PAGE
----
Let me conclude with a word of profound thanks to Prof. Chavez. While I respect and admire her loyalty to the Mission, I very much look forward to her getting more deeply involved in the exciting work that’s going on in North Gate.

Follow Us

Founder/Executive Editor. I’ve been a Mission resident since 1998 and a professor emeritus at Berkeley’s J-school since 2019 when I retired. I got my start in newspapers at the Albuquerque Tribune in the city where I was born and raised. Like many local news outlets, The Tribune no longer exists. I left daily newspapers after working at The New York Times for the business, foreign and city desks. Lucky for all of us, it is still there.

As an old friend once pointed out, local has long been in my bones. My Master’s Project at Columbia, later published in New York Magazine, was on New York City’s experiment in community boards.

Right now I'm trying to figure out how you make that long-held interest in local news sustainable. The answer continues to elude me.

Join the Conversation


  1. I’d love to know what Dean Wasserman’s motivation really is for placing the yoke of market discipline onto Mission Local.

    For 6 years ML was an acceptable financial burden to UCB, and now all of a sudden it’s too expensive to operate… just when ML is at the center of the Tech-Gentrification story.

    It seems to me that running a news organization is excellent training for journalism students, yet Dean Wasserman now says the benefit to the students is “limited”, and they need to get back into the classroom.

    Enough with the independent journalism… it’s time to transition to the inoffensive American infotainment model… Let the “marketing, audience-building, ad sales, miscellaneous revenue-generation” begin!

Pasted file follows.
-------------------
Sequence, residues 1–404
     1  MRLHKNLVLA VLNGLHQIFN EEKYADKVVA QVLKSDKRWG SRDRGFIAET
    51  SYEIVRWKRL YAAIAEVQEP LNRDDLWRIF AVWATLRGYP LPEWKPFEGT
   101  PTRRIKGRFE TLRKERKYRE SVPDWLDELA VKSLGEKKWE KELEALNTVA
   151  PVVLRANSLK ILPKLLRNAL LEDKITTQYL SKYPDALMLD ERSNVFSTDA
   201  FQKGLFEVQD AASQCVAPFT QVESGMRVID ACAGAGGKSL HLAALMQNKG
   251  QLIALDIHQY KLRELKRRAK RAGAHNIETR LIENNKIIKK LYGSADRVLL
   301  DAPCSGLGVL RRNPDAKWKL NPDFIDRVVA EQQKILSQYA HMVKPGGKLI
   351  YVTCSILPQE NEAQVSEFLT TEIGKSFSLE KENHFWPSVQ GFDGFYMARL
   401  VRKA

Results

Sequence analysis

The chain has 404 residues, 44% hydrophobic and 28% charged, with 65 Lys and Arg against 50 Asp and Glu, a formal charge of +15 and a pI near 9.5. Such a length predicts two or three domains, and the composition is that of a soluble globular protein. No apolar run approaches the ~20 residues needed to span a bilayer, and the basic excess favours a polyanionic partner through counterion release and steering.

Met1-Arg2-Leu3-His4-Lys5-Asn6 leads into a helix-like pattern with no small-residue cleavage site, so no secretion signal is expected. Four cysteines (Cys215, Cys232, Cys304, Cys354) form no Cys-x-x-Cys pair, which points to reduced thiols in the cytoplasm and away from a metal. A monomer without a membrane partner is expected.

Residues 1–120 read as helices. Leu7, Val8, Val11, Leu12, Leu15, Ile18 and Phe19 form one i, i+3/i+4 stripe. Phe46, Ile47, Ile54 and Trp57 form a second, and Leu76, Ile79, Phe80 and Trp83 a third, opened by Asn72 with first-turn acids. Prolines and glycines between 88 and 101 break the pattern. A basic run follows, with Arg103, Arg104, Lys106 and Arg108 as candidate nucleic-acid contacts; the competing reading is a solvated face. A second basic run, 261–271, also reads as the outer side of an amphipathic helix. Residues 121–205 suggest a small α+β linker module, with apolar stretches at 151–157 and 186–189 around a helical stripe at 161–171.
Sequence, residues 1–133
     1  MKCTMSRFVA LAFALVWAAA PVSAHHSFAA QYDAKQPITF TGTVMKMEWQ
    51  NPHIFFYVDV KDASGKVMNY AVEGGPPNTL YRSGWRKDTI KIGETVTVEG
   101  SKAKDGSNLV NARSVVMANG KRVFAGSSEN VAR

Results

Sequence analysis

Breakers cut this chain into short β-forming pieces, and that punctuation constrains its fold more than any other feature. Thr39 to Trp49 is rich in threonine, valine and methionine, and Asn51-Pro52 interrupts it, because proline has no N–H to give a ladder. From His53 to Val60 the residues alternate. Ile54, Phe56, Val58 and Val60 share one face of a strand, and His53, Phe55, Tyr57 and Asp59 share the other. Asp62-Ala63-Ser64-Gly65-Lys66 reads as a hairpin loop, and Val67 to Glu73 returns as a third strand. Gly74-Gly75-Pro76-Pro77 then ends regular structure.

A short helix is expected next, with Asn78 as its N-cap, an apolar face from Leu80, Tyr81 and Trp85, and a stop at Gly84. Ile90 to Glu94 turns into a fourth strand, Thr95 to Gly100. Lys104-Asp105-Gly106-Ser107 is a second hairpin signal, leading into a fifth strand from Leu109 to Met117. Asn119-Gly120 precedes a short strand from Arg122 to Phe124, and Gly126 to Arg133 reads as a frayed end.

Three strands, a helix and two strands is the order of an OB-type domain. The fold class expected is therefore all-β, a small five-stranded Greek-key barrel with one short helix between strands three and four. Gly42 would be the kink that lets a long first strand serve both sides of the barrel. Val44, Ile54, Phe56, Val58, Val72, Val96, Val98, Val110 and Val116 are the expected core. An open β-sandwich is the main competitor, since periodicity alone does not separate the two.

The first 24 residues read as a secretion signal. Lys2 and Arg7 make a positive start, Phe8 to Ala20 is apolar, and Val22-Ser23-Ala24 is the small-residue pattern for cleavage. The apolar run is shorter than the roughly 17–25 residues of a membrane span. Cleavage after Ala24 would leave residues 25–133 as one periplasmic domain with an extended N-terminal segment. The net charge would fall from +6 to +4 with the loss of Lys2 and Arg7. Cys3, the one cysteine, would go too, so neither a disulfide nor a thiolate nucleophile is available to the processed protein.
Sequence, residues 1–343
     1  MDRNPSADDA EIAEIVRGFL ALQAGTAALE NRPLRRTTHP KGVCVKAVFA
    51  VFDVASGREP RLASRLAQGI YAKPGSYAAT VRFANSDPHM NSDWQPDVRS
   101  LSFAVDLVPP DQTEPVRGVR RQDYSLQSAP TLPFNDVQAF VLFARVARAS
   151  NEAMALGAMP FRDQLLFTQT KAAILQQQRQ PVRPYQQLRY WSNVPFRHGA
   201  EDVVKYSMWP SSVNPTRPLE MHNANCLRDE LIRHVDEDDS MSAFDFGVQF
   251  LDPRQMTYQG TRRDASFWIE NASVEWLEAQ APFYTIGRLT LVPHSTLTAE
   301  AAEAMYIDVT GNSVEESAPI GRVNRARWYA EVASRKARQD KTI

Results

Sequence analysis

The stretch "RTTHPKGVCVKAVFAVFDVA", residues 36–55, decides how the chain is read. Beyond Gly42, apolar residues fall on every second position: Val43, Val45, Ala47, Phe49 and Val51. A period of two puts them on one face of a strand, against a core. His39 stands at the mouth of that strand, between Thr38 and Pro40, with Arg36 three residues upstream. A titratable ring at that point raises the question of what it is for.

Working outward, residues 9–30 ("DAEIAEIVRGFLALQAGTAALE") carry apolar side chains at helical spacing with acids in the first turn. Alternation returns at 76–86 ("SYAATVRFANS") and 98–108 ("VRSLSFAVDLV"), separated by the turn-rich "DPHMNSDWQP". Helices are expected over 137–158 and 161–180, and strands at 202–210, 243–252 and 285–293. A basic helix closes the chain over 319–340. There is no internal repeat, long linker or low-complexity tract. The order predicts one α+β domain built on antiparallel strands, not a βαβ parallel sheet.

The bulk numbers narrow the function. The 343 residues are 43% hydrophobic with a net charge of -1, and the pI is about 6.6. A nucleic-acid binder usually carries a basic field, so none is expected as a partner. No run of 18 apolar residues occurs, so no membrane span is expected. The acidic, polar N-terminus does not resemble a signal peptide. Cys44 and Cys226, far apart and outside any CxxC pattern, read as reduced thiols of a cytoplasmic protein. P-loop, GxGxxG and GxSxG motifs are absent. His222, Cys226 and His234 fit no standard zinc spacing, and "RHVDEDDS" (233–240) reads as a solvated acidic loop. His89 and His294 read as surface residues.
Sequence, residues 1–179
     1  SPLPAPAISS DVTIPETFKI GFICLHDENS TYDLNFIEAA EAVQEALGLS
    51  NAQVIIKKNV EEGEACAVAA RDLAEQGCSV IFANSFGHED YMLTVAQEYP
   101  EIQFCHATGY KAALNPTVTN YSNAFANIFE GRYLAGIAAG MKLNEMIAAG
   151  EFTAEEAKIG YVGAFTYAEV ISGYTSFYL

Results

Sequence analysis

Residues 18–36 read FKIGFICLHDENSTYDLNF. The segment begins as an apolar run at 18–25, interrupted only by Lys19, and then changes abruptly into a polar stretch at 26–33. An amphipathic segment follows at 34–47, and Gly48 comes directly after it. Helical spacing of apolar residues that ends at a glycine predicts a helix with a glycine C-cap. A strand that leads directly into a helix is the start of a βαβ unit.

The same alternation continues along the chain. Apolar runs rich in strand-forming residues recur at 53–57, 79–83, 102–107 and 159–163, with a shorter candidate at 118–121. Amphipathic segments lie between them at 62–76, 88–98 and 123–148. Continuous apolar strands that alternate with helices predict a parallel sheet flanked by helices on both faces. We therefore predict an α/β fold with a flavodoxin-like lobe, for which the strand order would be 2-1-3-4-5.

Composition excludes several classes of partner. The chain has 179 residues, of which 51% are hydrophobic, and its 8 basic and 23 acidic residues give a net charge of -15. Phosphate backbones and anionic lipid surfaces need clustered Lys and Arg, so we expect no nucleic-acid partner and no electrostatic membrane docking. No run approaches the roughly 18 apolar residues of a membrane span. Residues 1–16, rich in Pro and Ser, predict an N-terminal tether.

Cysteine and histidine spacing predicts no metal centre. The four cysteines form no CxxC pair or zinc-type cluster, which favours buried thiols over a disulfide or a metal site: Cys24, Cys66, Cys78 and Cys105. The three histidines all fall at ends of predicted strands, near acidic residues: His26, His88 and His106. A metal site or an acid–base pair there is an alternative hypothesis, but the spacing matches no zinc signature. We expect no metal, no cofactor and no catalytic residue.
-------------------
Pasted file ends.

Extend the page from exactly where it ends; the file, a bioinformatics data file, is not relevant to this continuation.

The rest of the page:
votes. Sign in to vote
  2. Oh how I’ve envied the J-School students fortunate enough to work on Mission Local, Richmond Confidential and Oakland North. When I took J-200 back in the early ’80s, we had no outlet to publish what we wrote. These three vibrant, online news sites provided students with real-life experience, published clips and a realistic slice of the current media marketplace. I hope the faculty committee comes up with equally relevant learning experiences for J-200.

    votes. Sign in to vote
  3. I hope they do a lot better then they have. Not very good balance coverage. Didn’t do the community any justice.

    votes. Sign in to vote
      1. No, the whole point of balance is that it does NOT depend on perspective, but rather presents all perspectives.

        In my experience, only those who are biased claim that bias is unavoidable. A neutral objective approach is the key to successful journalism A writer should have no opinions, ideally.

        votes. Sign in to vote
  4. We all at some point in our maturation have to evolve from the sheltered world of academia to a harsher, competitive reality where we must survive and flourish by our wits and our ability to add value.

    I think this an exciting and positive migration, and I wish you well with it. Welcome to the real world.

    votes. Sign in to vote
Leave a comment
Please keep your comments short and civil. Do not leave multiple comments under multiple names on one article. We will zap comments that fail to adhere to these short and very easy-to-follow rules.

Your email address will not be published. Required fields are marked *